Find someone who loves to cook you ribs.

Just because you're never going to make that jam in Vermont doesn't mean you can't have some sort of food-related hobby. Get thee a favorite restaurant, stat, and head there whenever the stress of the Oval Office gets too much.

Your cell phone is essential both for keeping abreast of the day's goings-on as well as a pretend excuse to be employed to escape society parties.

Again, you should be writing down everything Frank says. 

Never choose money over power.

It's a grave mistake that many in Washington make, according to every character on House of Cards. Take the presidency, for example: You'll make less than the assistants on Wall Street, but damn if that power won't feel good.

Never get comfortable—especially if you're the only one staying home watching TV during the State of the Union.

Hasn't Kiefer Sutherland a.k.a. Designated Survivor's Tom Kirkman, ever seen a suspenseful television show? The second you put your feet up and sip your beer is the second that someone bombs the Capital building. Remember this the first time you want to throw on sweatpants and reach for a frosty one, future president. 

Hunting terrorists? You need Kiefer Sutherland.

We've learned a lot of things over our years of television program consumption, but first and foremost is the lesson that no one can fight terrorists like Kiefer. He can take on some extra duties during his hiatus, right?

The secret to a smart president is an even smarter first lady.

We won't even watch a political drama where this isn't the case.

A cabinet (and a Congress, and a House of Representatives) are, like, super important.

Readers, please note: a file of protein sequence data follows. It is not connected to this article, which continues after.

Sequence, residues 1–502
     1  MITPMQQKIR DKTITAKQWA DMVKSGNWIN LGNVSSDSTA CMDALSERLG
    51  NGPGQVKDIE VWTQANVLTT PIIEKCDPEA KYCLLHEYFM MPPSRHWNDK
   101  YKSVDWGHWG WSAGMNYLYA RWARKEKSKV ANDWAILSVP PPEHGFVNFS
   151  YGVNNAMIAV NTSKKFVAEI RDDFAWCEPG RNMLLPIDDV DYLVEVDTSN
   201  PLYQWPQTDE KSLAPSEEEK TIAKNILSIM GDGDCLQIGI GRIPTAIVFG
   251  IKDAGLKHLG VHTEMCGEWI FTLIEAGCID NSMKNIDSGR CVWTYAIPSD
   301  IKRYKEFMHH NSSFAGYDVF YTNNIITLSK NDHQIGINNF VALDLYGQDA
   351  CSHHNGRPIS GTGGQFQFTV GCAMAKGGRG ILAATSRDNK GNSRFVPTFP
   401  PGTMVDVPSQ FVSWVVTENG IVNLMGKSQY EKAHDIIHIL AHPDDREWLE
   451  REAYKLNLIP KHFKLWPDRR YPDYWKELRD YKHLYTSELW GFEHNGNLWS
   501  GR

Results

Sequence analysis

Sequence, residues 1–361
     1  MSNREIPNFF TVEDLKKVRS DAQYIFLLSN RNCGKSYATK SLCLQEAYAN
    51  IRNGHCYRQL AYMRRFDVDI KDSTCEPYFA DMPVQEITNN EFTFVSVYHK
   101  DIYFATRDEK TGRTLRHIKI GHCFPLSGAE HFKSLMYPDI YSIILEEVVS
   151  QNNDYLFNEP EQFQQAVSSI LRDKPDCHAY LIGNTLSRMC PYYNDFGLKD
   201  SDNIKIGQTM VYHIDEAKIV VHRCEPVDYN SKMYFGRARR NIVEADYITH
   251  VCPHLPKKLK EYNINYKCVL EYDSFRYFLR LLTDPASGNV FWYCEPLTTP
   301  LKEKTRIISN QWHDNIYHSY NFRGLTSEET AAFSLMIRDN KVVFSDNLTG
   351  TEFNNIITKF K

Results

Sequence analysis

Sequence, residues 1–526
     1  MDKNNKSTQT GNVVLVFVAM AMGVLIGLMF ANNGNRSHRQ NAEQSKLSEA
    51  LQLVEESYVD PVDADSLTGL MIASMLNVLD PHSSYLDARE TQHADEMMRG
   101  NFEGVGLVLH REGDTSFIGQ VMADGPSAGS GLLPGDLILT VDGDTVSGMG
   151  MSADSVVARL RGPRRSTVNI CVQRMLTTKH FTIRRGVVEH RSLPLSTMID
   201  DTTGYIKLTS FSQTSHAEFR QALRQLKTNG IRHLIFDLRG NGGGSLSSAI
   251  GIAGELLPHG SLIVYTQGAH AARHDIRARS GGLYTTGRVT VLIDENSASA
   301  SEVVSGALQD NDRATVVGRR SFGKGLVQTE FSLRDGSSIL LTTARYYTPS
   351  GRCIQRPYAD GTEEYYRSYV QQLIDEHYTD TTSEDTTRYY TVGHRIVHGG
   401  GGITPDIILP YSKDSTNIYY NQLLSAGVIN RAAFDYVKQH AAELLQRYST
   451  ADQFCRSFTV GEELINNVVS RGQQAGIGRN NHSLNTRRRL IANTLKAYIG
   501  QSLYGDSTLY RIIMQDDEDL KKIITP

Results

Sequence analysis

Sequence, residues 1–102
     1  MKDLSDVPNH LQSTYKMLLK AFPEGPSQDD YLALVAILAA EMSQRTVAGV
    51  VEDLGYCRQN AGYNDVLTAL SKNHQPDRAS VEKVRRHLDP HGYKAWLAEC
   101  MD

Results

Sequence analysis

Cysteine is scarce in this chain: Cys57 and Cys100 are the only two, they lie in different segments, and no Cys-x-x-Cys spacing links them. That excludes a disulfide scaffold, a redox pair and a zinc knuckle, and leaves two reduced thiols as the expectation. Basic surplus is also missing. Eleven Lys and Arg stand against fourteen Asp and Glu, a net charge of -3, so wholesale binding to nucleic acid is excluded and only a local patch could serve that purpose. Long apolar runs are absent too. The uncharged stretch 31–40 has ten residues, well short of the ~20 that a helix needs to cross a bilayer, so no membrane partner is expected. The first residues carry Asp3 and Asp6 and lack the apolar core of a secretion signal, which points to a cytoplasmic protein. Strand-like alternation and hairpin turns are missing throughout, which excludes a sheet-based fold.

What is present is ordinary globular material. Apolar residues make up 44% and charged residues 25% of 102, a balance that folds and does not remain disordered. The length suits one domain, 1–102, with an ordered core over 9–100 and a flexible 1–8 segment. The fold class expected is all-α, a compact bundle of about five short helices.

You know when you're all, like, hey, why did I bother hiring you, Secretary of Transportation? And what do you even do, Secretary of the Interior? Just know that it's been really hard for Kiefer Sutherland to govern the country all by himself, so you'd do best to appreciate them a little more.

If you want to tool around D.C. undetected, simply don a hood. They make great disguises.

All hail Queen Priyanka Chopra, a.k.a. Alex Parrish, the queen of Wearing a Hoodie in Public and Having No One Recognize Her, Despite the Fact That Her Face Is Plastered on Every News Channel.

Nobody is who they say they are...seriously, not a one.

If you can't trust the most background checked FBI recruits, who can ya trust?

Romantic relationships in Washington never last.

So don't even bother...

If you think pantsuits are unflattering, just know it could always be worse.

You appreciate those dress slacks and tacky jeans. 

Having a mentor can save your sanity, and probably even your life. Get thee a Saul, stat.

Forgive us, Saul Berenson, for we have sinned. We have been forgetting to kneel at our alter of you daily, and to recite the Saul Incantation upon every nightfall. Future POTUS, make sure you do not make these same grave mistakes.

Hackers are not to be f-ed with.

Seriously, watch any political TV show: Quantico, Homeland...there were probably even hackers on The West Wing. They aren't messing around.

No one is dead when you think they are.

Even if you watch your enemies be buried in the ground, do not trust it.

Never underestimate the necessity of the lost art of crazy walls.

Have a problem? Make a crazy wall. Trying to find someone? Make a crazy wall. The cabinet can't decide what to order on PostMates for lunch? Make a crazy wall.